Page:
Updated: Sep 2, 2022
Peace & Blessings Beloved,
TGBTG for allowing us to see another day. I pray all is well with you and yours, and that your week has been fruitful & blessed thus far.
Today we are going to visit our Getting to Know the Bible Series. In this series, our goal is to come to a comprehensive understanding of each book of the bible. At this point of the series we're going to focus on Joshua. But before we get to Joshua 1, I want to ensure we have a baseline understanding of the book of Joshua. This way we can have a full appreciation for the exquisiteness of the entire book, as well as each individual chapter.
And so, in that spirit, see below for a comprehensive overview of the book of Joshua, as we prepare to behold and discern Joshua, beginning with Joshua 1 in our next installment of this series.
Book Type: Book of history, the sixth book of the Old Testament and the Bible.
Author: The Book of Joshua does not explicitly name its author. More than likely Joshua the son of Nun, the successor of Moses as leader over Israel, penned much of this book. The latter part of the book was written by at least one other person after the death of Joshua. It is also possible that several sections were edited / compiled following Joshua's death.
Date of Writing: Likely written between 1400 and 1370 BC.
Audience: The Israelites
Original Language: Hebrew
Timeline: At the end of Israel's 40-year wilderness wandering period, possibly 1405–1390 BC.
Theme: Joshua is a story of conquest and fulfillment for the people of God. After many years of slavery in Egypt and 40 years in the desert, the Israelites were finally allowed to enter the land promised to their fathers. Abraham, always a migrant, never possessed the country to which he was sent, but he left to his children the legacy of God's covenant that made them the eventual heirs of all of Canaan (see Ge 15:13,16,18; 17:8). Joshua was destined to turn that promise into reality.
Where Deuteronomy ends, the book of Joshua begins: The tribes of Israel are still camped on the east side of the Jordan River. The narrative opens with God's command to move forward and pass through the river on dry land. Then it relates the series of victories in central, southern and northern Canaan that gave the Israelites control of all the hill country and the Negev. It continues with a description of the tribal allotments and ends with Joshua's final addresses to the people. The theme of the book, therefore, is the establishment of God's people Israel in the Lord's land, the land he had promised to give them as their place of "rest" in the earth (1:13,15; 21:44; 22:4; 23:1; see also Dt 3:20 and note; 12:9-10; 25:19; 1Ki 5:4 and note; 8:56). So the Great King's promise to the patriarchs and Moses to give the land of Canaan to the chosen people of his kingdom is now historically fulfilled (1:1-6; 21:43-45).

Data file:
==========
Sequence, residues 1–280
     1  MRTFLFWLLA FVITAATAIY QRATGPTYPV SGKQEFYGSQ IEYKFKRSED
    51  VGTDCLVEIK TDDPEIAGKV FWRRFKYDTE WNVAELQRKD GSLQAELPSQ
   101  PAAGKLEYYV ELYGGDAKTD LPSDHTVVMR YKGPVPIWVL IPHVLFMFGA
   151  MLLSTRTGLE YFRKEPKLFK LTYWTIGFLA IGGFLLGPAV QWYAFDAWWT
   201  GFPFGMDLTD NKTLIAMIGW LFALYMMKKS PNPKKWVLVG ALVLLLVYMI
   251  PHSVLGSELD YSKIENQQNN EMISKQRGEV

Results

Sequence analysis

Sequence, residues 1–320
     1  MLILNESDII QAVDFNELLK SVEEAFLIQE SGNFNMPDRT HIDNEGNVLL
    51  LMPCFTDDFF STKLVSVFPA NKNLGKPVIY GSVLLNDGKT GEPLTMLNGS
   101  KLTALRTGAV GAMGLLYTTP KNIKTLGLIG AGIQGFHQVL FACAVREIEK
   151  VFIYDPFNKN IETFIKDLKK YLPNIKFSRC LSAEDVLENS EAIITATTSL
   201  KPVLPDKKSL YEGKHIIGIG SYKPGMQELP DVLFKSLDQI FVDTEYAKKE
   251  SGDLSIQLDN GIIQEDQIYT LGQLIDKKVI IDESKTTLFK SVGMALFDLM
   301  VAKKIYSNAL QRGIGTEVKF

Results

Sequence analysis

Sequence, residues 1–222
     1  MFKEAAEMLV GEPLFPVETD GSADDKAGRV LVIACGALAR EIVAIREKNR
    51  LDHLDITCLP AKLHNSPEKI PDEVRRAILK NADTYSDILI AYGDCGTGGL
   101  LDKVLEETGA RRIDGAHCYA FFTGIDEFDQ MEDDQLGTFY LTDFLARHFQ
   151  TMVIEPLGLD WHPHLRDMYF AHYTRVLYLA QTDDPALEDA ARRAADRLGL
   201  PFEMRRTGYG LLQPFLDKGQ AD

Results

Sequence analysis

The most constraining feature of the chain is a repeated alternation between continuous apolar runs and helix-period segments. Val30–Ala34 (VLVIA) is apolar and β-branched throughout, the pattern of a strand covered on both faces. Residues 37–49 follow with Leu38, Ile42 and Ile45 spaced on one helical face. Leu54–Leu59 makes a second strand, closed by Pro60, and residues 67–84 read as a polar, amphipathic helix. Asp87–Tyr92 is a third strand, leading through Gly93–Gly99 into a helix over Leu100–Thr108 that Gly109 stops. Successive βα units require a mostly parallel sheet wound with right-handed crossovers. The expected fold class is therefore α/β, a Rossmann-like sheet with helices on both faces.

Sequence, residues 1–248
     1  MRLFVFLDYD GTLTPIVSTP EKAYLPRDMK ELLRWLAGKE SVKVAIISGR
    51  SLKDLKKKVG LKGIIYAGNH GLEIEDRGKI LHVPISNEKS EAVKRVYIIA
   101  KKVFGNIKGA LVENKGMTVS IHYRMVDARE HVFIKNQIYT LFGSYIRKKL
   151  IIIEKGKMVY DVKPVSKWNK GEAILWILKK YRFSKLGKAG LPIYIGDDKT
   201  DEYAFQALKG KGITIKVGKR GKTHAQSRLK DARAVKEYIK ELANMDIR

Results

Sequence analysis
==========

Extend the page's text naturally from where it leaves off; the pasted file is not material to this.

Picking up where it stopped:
In the story the book tells, three primary actors play a part: "the Lord" (as Israel's God), his servant Joshua, and his people Israel (the last a collective "character" in the story). We meet all three immediately in ch. 1, where all three are clearly presented in the distinctive roles they will play in the story that follows. Ch. 1 also introduces the reader to the main concern of the book as a whole.
The role of the central human actor in the events narrated here is reinforced by the name he bears. Earlier in his life Joshua was called simply Hoshea (Nu 13:8,16), meaning "salvation." But later Moses changed his name to Joshua, meaning "The Lord saves" (or "The Lord gives victory"). When this same name (the Greek form of which is Jesus; see NIV text note on Mt 1:21) was given to Mary's firstborn son, it identified him as the servant of God who would complete what God did for Israel in a preliminary way through the first Joshua, namely, overcome all powers of evil in the world and bring God's people into their eternal "rest" (see Heb 4:1-11 and notes).
In the Hebrew Bible the book of Joshua initiates a division called the Former Prophets, including also Judges, Samuel and Kings. These are all historical in content but are written from a prophetic standpoint. They do more than merely record the nation's history from Moses to the fall of Judah in 586 b.c. They prophetically interpret God's covenant ways with Israel in history -- how he fulfills and remains true to his promises (especially through his servants such as Joshua, the judges, Samuel and David) and how he deals with the waywardness of the Israelites. In Joshua it was the Lord who won the victories and "gave Israel all the land he had sworn to give their forefathers" (21:43).